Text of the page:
Serves 4

1 lb lean meat such as venison, bison, buffalo, cut into 2 inch cubes

20o grams/7 oz bacon, chopped

250 grams/9 oz wild mushrooms or chanterelles, sliced

1 small Vidalia onion, halved and sliced thin

3 tbsp butter for sauteing

1/2 cup heavy cream or half and half or a mix of water and heavy cream

2 tbsp flour

1 1/2 cup good sour cream

1/2 cup milk

3 slices ‘geitost’ / Norwegian goat cheese

2 tbsp black currant jelly

3-4 sprigs fresh thyme

about 6 or 7 juniper berries, crushed

salt and pepper to taste

Broccoli or brussels sprouts as a side

To prepare:

Season the meat with salt and pepper. In a large heavy duty sauce pan, add the bacon over medium-high heat, saute the bacon bits until golden and crisp, reserve. Then add meat in same pan and brown about 1 min on each side, reserve. In same pan, add onions and mushrooms and saute until nice and golden, then add in the butter and flour and make sure vegetables are properly coated.


Add in the cream or half and half with a little splash of water, as well as the milk and stir.  Finally add in sour cream, geitost,  black currant jelly, juniper berries and thyme and whisk constantly over medium heat until starting to thicken.  Finally, add in the meat and bacon and adjust seasoning as necessary.


Let simmer for a few minutes to let the flavors blend.

Serve the finnbiff with mashed potatoes, steamed broccoli or brussels sprouts and lingonberry jam or ‘tyttebær’.


20 thoughts on “Finnbiff – Norway’s oldest fast food

    • Sunny says:

      Agreed – I am nonetheless stunned at all the responses I got on my personal and blog related FB page as to how many people love this dish.. .I had no idea, but I understand it, because it was bloody delicious when I made it last night! LOL Follow me for more posts on Norwegian food and culture at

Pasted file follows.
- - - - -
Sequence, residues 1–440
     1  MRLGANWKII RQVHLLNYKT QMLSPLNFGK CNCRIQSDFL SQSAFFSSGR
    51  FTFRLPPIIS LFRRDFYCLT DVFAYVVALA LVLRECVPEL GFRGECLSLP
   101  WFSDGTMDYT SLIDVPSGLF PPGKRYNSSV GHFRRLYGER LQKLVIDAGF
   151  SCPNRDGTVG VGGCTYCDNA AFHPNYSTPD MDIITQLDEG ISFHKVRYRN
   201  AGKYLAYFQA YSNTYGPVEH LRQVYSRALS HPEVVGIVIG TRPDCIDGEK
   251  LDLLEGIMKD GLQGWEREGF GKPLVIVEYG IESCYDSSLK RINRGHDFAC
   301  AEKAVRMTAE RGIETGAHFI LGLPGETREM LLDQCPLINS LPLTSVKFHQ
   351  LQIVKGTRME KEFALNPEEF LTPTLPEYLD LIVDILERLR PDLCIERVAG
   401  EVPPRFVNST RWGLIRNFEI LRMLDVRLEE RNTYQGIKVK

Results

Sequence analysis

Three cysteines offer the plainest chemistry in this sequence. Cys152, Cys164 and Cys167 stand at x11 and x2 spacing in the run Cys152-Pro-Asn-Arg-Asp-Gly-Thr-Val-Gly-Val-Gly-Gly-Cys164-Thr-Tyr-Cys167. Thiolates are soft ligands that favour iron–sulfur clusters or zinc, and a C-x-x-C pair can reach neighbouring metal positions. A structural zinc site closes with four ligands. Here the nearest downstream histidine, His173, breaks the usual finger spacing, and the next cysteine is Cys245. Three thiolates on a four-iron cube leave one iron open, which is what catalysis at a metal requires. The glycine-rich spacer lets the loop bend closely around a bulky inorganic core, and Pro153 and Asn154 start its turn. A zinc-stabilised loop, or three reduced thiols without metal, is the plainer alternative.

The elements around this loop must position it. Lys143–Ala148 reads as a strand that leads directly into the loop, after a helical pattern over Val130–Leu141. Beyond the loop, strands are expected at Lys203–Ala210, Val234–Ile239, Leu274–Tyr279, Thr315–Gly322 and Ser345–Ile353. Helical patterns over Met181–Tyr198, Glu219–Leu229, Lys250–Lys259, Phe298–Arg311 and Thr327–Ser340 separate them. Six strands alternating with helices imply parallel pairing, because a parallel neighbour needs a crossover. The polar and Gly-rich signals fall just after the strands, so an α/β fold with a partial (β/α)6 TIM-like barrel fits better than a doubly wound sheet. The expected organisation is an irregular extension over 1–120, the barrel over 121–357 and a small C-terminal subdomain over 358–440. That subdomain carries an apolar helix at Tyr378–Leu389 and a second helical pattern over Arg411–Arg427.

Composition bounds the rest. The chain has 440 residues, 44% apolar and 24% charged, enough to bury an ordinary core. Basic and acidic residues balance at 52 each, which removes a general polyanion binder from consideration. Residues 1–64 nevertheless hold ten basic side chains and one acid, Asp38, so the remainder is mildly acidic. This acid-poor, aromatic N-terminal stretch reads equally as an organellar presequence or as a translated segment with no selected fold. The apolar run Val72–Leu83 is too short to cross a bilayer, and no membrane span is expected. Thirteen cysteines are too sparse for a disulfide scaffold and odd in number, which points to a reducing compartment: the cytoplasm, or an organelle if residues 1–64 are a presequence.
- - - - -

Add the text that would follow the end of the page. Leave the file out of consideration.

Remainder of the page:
Thanks again for stopping by, Dina!! 🙂

  1. Dina says:

    Dear Sunny, I’ like to put you up on my blogroll. Please have a look an let me know if you’d like to be placed here: “Dinas Heimat – Norway” or rather here: “The good things in Life”.

    • Sunny says:

      Dina, thank you so much! I will do the same and put you up on my blogroll as well. I love your site and would be honored to be mentioned anywhere you see fit. Thank you so much!! Talk to you soon! 🙂

  2. Cecile says:

    Looks lovely and creamy !!
    I don’t have a “blogroll” but, after seeing the comments above, I’d like to have a “blogroll” on my blog.
    I’m gonna see if I can figure out how to do it – and, of course, you’ll be on my “blogroll” ’cause your recipes are not only delicious but usually a bit different from what we usually eat !!

    • Sunny says:

      Hi Holly, yes you can freeze the dish – for best results I would leave out the sour cream and add that when you are heating it up / right before serving.